This is not slavery in the metaphorical sense – like someone being a slave to a job – but abject slavery where, in some cases, people are shackled up at night.
This is extremely extremely rare, but the fact that it happens in the United States in 2012 shocked us deeply.
LF: What’s the most beautiful / inspiring thing you’ve learned on the road?
SF: The great thing is that the system is changing as we speak/eat! True there are horrific abuses that exist within the food system but for the first time in our nation’s history there are solutions. And they’ve arisen in the most unlikely ways.
Over the last 20 years the supermarket industry has intensely consolidated to the point that the largest chain, Kroeger, has more annual gross revenue than Apple. Our food system really is just a glorified supply chain. Stores don’t have the best tasting products but ones most suited for this supply chain. Tomatoes for example must withstand thousand mile truck journeys. We would rather buy a pretty but tasteless tomato than a bruised but tasty one.
With this buying power, supermarkets have been branding themselves as friendly neighborhood institutions. They and chains like fast food restaurants spend billions each year on branding themselves.
One group of workers in Immokalee, Florida – the Coalition of Immokalee Workers – has recognized this and has begun targeting those chains as opposed to farmers.
As it happens, tomato workers earn just 1.4 cents per pound of tomatoes they pick. To double their wages would require us (or groceries) to pay just one cent more. This is totally negligible to stores.
The CIW went to consumers to ask them to insist on this price increase. They’ve battled Taco Bell, McDonalds, Subway, Pizza Hut, Burger King, Trader Joe’s and others successfully for this change.
With this increased wage, the whole system changes. No longer are desperate people competing for jobs with incredibly low wages. When people earn real money they become free from a cycle of abuse.
There are many problems in the US that we cannot change, but this isn’t one of them.
LF: Has filming Food Chain changed the way you eat?
SR: I used to care only for organic and local food but I learned that those definitions don’t necessarily mean workers were treated better. True, under organic conditions workers are exposed to much less brutal pesticides, but they can still be receiving substandard wages and they can still be sexually and verbally harassed.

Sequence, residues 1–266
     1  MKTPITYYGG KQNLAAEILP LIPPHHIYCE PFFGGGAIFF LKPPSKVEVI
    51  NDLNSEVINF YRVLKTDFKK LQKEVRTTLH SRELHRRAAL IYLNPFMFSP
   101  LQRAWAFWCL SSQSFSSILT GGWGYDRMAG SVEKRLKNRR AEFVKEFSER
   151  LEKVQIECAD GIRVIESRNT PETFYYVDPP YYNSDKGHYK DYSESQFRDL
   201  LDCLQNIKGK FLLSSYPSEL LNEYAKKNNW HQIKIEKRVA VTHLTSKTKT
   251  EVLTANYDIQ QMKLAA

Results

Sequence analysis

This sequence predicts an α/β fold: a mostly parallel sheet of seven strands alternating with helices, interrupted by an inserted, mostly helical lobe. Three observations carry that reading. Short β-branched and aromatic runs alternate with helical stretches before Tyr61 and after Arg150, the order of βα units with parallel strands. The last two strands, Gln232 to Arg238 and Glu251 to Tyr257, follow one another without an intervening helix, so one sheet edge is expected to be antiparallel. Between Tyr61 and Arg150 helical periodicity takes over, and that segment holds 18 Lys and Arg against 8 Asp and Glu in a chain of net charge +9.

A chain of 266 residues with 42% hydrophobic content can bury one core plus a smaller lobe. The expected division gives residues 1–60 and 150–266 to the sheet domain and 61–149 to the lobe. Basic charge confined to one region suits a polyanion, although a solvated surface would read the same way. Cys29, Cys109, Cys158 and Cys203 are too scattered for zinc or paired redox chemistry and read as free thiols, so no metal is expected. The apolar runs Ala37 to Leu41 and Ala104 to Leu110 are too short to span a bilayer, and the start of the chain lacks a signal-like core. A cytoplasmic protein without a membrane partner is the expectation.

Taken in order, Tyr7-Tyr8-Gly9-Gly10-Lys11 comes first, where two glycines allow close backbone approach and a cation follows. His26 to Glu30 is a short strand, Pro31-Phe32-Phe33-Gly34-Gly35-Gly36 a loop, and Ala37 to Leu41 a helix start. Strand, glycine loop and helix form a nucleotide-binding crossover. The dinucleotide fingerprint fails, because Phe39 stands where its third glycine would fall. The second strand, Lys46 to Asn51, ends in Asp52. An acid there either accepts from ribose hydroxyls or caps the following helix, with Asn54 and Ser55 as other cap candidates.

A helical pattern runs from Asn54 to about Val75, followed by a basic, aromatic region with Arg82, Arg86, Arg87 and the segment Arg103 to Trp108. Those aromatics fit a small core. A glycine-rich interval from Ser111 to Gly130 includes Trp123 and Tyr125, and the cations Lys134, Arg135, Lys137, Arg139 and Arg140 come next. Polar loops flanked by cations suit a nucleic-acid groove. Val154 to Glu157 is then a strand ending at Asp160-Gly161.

I do my part now to buy from farmers markets where I can ask farmers about the labor conditions on their farms. And when I do go to big chains, I shop at Whole Foods, which has signed labor agreements with groups like the CIW.
LF: What is the most important issue you’ve retained while making this documentary?
SR: For the food system to change we must not simply become more conscious consumers. We need to become more conscious citizens. There are powerful lobbies at all levels of the food chain, from grocery stores to farmers. But farmworkers have no lobby. We as a population must become their advocates. It is unacceptable that in 2012 millions of people live in servitude to the greater population’s need for cheap affordable food. We need to let grocery stores and politicians know that we are not going to allow them to hide behind the politics of immigration to mask the suffering of farmworkers. This nation has always relied on immigrants to do farm work: from indentured Europeans to forced immigrants like slaves and from Asians to Jamaicans and now Latinos. We need to put an end to this cycle of injustice. And we can, every time we go to a supermarket.
LF: What are the next steps when the project gets funded?
SR: We are finished filming and are 5 months away from finishing the editing process. To complete that process, however, we need to fundraise. So far, all of our expenses from filming are sitting on credit cards. But we’re so desperate to get this film done and spread the word that we are just looking at raising money to pay for things we can’t put on cards, like hiring an editor.
A few large distributors are already interested in this film and we’re hoping for a late fall or winter 2013 release.
Photos courtesy of forestwoodward.com